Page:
NYS Min. Wage Increases and NYC / Jersey City Employers Face Mandatory Sick Leave Provision

An increase in the New York State Minimum Wage is coming at the end of this Holiday season.  Those employers in New York City, and Jersey City, will be additionally burdened with new regulations regarding Sick Leave in the coming year.

The New York State Minimum Wage Increases on December 31, 2013 and Will Impact a Number of Wage Related Matters

Effective December 31, 2013 the New York State minimum wage will increase dramatically from $7.25 per hour to $8.00 per hour.
Another dramatic increase, to $8.75, will go into effect on December 31, 2014. The final adjustment, effective December 31, 2015 will bring the minimum wage to $9.00 per hour.
An increase in the minimum wage also impacts wage supplements such as tip, meal and lodging allowances.  Also the split shift / spread of hours requirements (paying 1 hour at minimum wage for shifts of over 10 hours) will be higher.
Although not directly related to the minimum wage, the weekly salary necessary for an individual to be considered exempt from overtime, in New York, under the Administrative and Executive exemptions jumps from $455 to $600, $656.25 and $675 per week effective December 31, 2013, 2014 and 2015 respectively.

Jersey City and New York City Compel Mandatory Sick Leave

Jersey City
Private employers employing 10 or more employees in Jersey City must, effective January 23, 2014 (the effective date for unionized employers is the expiration date of their current agreement) provide paid sick leave.  Those employers with less than 10 employees must provide unpaid sick leave. The sick leave benefit  permits time off for employees to attend to their own health or the health of family members (child, sibling, parent, grandparent or spouse, domestic partner or civil union partner). To be covered, an employee must work 80 hours a year in Jersey City. If an employer has existing policies which satisfy the requirements no additional leave is required. Sick leave is accumulated at the rate of one (1) hour for every 30 hours worked to a maximum accumulation of 40 hours. Employees may not take sick time until they complete 90 days of employment. Employers must post a notice of employee rights to sick leave and must advise new hires and existing employees in writing of their rights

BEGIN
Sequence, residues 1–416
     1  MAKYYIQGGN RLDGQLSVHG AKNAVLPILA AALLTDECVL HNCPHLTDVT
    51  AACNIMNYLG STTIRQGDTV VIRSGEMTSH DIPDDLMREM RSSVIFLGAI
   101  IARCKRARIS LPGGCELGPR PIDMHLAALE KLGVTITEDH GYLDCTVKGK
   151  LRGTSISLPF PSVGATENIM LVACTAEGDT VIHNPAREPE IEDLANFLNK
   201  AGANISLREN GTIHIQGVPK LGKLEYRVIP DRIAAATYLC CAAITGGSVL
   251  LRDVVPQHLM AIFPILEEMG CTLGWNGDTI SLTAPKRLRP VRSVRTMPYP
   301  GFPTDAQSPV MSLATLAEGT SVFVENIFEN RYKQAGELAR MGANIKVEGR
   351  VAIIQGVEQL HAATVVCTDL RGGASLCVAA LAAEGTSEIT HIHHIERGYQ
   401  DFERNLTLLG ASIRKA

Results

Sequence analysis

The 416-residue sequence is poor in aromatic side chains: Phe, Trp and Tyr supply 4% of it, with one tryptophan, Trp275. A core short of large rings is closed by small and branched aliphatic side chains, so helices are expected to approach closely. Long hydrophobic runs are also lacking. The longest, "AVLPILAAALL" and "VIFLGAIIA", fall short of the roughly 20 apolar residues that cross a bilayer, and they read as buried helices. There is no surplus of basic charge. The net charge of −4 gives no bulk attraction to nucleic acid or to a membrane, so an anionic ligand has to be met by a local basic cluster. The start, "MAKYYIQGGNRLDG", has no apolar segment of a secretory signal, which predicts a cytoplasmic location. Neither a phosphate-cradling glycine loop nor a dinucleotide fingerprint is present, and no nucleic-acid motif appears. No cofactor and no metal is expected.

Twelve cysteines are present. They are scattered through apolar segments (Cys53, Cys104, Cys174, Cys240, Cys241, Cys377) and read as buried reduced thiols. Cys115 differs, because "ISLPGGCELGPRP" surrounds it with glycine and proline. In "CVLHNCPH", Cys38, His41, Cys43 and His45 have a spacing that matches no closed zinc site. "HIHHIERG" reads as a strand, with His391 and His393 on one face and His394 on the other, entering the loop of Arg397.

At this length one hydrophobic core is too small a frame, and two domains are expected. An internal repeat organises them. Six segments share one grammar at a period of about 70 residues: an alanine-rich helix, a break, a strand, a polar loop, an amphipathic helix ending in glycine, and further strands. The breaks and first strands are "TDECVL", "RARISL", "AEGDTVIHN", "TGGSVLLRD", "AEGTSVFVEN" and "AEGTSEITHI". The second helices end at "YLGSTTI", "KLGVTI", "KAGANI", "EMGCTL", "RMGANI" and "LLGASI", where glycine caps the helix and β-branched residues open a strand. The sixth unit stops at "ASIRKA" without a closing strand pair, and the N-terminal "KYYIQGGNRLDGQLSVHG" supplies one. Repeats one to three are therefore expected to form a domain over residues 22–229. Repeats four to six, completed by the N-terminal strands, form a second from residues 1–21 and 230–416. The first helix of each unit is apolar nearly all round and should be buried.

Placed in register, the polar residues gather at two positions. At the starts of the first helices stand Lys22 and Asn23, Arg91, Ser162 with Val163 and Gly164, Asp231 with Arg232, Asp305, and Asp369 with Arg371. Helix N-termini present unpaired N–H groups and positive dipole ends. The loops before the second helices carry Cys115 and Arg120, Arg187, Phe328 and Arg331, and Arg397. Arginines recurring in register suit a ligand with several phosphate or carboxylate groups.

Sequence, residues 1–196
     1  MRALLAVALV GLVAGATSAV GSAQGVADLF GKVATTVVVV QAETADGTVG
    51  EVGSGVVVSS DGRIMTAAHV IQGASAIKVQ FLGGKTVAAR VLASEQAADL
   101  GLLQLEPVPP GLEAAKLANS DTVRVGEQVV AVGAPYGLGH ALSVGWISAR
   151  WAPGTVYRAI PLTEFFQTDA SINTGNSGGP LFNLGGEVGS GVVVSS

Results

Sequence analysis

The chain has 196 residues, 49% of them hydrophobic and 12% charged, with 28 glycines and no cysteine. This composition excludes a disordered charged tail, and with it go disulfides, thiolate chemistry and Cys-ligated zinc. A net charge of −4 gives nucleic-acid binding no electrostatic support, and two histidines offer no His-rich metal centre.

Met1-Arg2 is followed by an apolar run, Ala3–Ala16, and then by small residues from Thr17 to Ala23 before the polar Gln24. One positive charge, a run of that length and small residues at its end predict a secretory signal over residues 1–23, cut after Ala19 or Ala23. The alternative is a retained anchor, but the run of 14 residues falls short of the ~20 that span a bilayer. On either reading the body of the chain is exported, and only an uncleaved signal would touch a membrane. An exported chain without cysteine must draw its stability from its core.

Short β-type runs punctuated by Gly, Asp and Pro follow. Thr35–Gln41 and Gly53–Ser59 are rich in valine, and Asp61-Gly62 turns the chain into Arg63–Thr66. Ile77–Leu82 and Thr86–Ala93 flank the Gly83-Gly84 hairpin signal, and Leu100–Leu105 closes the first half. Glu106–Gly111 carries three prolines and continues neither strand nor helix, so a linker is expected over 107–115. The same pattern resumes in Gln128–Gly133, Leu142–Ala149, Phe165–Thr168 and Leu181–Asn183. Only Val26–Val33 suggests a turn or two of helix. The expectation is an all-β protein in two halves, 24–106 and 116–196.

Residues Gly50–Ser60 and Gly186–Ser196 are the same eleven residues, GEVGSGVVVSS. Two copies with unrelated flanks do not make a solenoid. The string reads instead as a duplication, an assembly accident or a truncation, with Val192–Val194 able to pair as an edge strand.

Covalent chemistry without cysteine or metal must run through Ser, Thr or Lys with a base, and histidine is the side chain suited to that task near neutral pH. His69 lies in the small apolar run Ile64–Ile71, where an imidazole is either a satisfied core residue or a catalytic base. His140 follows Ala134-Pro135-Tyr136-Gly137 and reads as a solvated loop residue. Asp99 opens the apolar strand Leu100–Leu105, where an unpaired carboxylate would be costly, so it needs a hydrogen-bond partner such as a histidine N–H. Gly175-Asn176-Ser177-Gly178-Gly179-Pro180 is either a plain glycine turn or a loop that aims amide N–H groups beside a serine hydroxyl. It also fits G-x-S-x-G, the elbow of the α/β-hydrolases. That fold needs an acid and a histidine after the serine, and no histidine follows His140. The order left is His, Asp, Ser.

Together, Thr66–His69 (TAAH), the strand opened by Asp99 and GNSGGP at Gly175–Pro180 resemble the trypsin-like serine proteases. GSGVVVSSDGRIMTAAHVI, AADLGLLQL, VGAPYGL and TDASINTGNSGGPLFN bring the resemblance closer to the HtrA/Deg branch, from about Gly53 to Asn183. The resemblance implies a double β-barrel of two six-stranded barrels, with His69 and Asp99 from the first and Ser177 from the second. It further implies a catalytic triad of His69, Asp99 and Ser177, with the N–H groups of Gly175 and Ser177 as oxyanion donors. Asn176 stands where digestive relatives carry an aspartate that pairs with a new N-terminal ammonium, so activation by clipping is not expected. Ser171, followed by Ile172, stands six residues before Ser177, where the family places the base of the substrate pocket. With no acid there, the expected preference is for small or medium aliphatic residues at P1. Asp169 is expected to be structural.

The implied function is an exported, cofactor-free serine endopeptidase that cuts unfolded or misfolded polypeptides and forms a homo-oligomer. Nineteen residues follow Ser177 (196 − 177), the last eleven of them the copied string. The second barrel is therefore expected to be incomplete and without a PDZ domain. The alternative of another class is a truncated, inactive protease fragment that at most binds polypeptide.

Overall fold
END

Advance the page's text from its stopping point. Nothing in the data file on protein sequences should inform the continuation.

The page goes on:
New York City
New York City will have a Paid Sick Time Act if the Independent Budget Office determines on December 16, 2013 that New York City’s economy is healthy enough to implement the law. If so, Employers will, effective April 1, 2014, have to provide employees up to 40 hours of paid or unpaid sick time annually depending on the employer’s size.
Implementation of the law is staggered. us, employers with 20 or more employees as of April 1, 2014 will have to provide employees up to 40 hours of paid sick leave annually. Those employers with 15-19 employees will only have to provide employees with unpaid time. On October 1, 2015 paid time will be required of employers with 15 or more employees and unpaid time required of employers with fewer than 15 employees.
Whether paid or unpaid, employees will accrue one hour of leave for every 30 hours of work up to a total of 40 hours in a calendar year. Accrual starts on the date of hire or effective date of the law, but may not be taken until after 120 days from the commencement of accrual.
Sick leave is for an employee’s mental or physical illness, injury or health condition or to care for an ill family member (spouse, domestic partner, child or parent) or for care of a child when the child’s childcare provider is closed due to a public health emergency (e.g., Hurricane Sandy).
If you have questions regarding the minimum wage increases or the mandatory Sick Leave provisions, feel free to contact Jonathan D. Farrell, Esq. or Peter A. Schneider, Esq., co-chairmen of the Labor & Employment Group at Meltzer Lippe.